I can’t believe I’m already two assignments into my master’s degree. Both have been based around the theme of “Writing in the Field” – writing outside as opposed to a typical office environment. This was really useful for me, as up until now I’ve mostly written brief notes outside and then typed them up later at my desk. While this worked for jogging memories, it occurred to me that I was losing out on a lot of detail this way. Photos reminded me of things I saw, but I was glossing over other sensations such as smells, sounds and textures. By paying attention to these senses I found I could create a fuller, more immersive piece of writing that really put the reader in the field with me.
For my first assignment I decided to start a nature journal that I planned to take with me whenever I was out in nature. This would be the basis for my essay in the first assignment. During my research I discovered that many writers use journals to enhance their writing experience. Charles Darwin kept perhaps the most well known example during his voyages on H.M.S Beagle but there are numerous others. Author and artist John Muir Laws said that “journaling will slow you down and make you stop and look.” American author and scientist Aldo Leopold’s nature journals were so significant that the resulting essays became valuable contributions to the field of phenology – the study of seasonal natural phenomena. I also found several studies indicating that being outside is beneficial to creativity, so it made sense to do more writing outdoors!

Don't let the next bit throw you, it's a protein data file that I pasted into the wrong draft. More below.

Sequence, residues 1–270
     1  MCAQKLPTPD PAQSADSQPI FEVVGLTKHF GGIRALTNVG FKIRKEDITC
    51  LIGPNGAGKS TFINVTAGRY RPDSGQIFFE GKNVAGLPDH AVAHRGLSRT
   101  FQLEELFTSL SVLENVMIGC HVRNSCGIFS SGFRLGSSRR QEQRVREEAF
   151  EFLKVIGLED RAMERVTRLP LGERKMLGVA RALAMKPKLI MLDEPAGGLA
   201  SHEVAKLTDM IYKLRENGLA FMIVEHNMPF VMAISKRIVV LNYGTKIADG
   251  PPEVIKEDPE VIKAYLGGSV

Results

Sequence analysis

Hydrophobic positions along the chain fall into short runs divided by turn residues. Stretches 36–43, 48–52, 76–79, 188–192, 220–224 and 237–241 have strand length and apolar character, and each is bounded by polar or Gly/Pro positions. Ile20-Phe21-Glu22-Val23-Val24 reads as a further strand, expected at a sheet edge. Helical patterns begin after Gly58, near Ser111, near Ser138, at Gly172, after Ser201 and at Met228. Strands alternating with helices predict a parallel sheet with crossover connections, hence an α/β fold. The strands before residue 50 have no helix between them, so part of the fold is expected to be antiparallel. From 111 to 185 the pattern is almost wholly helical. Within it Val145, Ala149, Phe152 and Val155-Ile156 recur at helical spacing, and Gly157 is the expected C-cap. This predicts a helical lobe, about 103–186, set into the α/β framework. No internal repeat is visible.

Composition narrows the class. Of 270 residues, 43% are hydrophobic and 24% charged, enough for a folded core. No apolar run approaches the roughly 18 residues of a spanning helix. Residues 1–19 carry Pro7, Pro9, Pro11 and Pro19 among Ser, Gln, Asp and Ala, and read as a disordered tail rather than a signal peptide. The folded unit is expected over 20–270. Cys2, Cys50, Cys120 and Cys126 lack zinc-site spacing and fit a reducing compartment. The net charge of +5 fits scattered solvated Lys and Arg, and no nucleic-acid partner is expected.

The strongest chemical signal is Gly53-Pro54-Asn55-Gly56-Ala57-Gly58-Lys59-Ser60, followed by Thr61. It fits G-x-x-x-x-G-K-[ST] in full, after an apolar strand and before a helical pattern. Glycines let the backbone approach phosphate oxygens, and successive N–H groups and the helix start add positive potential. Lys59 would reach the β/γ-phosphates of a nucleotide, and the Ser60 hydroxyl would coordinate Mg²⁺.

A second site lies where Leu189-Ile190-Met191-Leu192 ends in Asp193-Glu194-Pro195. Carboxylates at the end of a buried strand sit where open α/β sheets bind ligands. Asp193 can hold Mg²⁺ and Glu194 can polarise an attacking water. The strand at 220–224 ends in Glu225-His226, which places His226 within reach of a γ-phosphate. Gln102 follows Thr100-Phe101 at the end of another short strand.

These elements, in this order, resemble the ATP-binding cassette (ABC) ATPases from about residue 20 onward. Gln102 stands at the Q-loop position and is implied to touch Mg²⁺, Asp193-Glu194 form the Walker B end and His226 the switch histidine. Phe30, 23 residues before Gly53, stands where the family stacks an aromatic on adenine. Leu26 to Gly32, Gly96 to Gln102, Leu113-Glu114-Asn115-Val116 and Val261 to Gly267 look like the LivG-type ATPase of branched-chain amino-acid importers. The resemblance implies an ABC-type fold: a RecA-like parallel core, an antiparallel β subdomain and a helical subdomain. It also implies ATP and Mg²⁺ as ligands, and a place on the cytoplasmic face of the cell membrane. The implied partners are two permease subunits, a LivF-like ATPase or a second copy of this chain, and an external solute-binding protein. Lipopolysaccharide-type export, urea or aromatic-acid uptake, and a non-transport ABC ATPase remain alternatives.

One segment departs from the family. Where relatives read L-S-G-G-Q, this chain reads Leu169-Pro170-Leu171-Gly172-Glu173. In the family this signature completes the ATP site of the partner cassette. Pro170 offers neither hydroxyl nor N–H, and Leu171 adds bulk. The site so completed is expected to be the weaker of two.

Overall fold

I found that my nature journal not only benefitted my writing but also enabled me to concentrate more on my art. I was keen to make the pages pretty and yearned to have a journal that would be cool enough for Pinterest. I’ve always loved drawing and painting but it’s often taken a back seat. My usual excuse is that I have no time, but over the past few weeks I’ve started to create quite a large body of work just by snatching a few minutes here and there to make a sketch. I bought a travel watercolour palette with a brush containing its own water which has been a lifesaver. Now I can pop my paints in my bag and take them anywhere, and I’ve really got on well with it so far. I deliberately bought a journal with a ring binder, so I can remove and insert the hole punched pages wherever I want them. A lot of my conventional notebooks have failed so I think having the freedom to go back and add pages in later has helped to keep the creative flow going.
Writing and illustration go well together, so I decided to create a small drawing or painting for each piece in my second assignment – a portfolio of nature and travel writing from the field. I’ve loved setting art projects for myself again, which I haven’t done since school. Not only does it bring some variety to my writing, but it’s enhanced my observational skills by forcing me to note the fine details of my environment. I’m really looking forward to seeing how my nature journal progresses and I hope I can maintain it until the end of my course and beyond!